Parents who use Johnson and Johnson’s “No More Tears” baby shampoo could get a visit from a social worker asking questions about illegal drug use, according to a surprising new study at the University of North Carolina, Chapel Hill. Researchers say baby shampoos and other soaps used to wash newborn babies may cause infants to test positive for marijuana.
Researchers found that urine samples from babies washed with any of five baby soaps — Johnson & Johnson’s Head-to-Toe Baby Wash, J&J Bedtime Bath, CVS Night-Time Baby Bath, Aveeno Soothing Relief Creamy Wash and Aveeno Wash Shampoo — tested positive for tetrahydrocannabinol (THC), the active ingredient in marijuana.
“We have identified commonly used soap and wash products used for newborn and infant care as potential causes of false positive THC screening results. Such results in this population can lead to involvement by social services or false child abuse allegations,” the researchers reported in the journal of Clinical Biochemistry. “Given these consequences, it is important for laboratories and providers to be aware of this potential source for false positive screening results and to consider confirmation before initiating interventions.”
Twelve states consider prenatal exposure to any illegal drug, including marijuana, as child abuse.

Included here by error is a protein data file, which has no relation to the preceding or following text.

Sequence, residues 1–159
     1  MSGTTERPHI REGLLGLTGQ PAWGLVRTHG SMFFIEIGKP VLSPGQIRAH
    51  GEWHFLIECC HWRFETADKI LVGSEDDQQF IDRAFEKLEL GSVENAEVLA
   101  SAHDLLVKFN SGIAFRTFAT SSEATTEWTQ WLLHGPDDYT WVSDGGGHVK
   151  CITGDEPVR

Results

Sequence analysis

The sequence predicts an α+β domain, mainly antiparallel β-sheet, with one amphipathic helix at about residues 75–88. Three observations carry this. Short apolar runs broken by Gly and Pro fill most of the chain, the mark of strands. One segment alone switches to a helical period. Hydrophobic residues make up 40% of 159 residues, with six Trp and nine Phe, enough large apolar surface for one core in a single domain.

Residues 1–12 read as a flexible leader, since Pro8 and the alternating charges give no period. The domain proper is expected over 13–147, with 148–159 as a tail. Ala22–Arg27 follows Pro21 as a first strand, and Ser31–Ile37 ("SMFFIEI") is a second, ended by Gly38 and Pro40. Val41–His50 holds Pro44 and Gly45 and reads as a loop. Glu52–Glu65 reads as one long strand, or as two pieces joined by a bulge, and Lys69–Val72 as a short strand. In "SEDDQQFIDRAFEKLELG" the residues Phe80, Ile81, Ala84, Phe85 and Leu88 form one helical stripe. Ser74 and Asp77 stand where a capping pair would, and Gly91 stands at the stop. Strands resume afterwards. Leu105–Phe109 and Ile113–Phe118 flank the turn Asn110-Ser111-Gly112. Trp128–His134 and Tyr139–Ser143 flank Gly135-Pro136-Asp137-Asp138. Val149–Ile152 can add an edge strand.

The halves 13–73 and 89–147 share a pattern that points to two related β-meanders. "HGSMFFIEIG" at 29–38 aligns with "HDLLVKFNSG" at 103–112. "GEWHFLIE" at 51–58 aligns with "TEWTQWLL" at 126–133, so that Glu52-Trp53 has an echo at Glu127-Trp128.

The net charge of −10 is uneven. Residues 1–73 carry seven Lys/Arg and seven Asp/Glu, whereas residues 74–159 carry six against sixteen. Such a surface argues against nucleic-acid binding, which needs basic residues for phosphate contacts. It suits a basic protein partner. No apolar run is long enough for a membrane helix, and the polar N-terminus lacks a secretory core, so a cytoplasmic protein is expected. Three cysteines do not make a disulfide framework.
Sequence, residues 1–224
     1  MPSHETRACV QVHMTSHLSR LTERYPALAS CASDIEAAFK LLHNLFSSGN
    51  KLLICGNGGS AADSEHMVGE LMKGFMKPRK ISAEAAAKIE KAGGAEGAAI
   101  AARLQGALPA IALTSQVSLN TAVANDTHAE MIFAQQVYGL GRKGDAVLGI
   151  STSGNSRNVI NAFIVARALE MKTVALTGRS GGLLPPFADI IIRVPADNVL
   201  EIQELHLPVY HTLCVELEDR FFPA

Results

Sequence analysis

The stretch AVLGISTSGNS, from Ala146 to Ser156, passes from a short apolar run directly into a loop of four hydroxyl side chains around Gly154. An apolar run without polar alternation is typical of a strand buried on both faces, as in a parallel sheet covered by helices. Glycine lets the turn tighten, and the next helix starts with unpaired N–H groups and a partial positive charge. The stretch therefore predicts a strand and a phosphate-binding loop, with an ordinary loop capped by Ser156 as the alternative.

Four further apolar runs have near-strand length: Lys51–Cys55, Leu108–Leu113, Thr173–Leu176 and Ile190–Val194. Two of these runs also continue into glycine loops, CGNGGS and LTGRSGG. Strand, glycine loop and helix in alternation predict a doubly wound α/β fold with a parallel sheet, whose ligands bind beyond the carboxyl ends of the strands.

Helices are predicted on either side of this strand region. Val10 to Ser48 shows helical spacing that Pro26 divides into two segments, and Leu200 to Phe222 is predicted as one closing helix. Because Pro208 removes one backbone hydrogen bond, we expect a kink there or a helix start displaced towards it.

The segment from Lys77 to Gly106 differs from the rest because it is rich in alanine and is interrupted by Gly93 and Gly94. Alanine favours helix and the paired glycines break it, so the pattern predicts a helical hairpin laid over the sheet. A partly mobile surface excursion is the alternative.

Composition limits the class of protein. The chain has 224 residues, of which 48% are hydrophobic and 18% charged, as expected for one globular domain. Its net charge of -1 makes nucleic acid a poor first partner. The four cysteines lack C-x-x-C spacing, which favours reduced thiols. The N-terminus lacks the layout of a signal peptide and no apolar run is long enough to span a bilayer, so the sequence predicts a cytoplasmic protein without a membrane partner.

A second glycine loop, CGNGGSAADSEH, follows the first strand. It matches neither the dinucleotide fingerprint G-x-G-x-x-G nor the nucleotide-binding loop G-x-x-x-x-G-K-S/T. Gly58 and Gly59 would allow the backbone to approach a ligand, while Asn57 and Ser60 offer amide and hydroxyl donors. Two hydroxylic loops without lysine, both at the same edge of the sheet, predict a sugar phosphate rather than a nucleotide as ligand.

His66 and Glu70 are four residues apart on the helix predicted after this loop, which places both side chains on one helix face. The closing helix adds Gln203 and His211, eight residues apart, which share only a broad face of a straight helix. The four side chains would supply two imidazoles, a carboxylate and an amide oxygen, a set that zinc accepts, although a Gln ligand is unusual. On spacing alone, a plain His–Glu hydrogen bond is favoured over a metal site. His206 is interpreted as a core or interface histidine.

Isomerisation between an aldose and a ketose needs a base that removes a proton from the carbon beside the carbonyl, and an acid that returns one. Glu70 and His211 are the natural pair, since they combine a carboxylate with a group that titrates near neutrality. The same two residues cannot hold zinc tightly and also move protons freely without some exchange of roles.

The researchers began their investigation after nurses at the UNC Chapel Hill nursery reported an unusually high number of infants testing positive for marijuana. Screening of newborns for illegal drugs is not uncommon among populations where there is a high risk of drug use. Positive results can trigger an investigation by child welfare authorities.
Researchers mixed drug-free urine samples with various products and materials found in the nursery to see which ones tested positive for THC. Shampoos were eventually found to be the cause.
The problem is not limited to the five soaps identified in the study. Researchers say any soap or shampoo containing the chemicals polyquaternium-11 and cocamidopropyl betaine could elicit positive marijuana test results. They don’t know why the chemicals interfere with the test, but believe small amounts of soap wash off the babies’ skin and contaminate their urine samples. More sophisticated testing can distinguish between true and false positives, but those tests are rarely ordered because of the cost involved.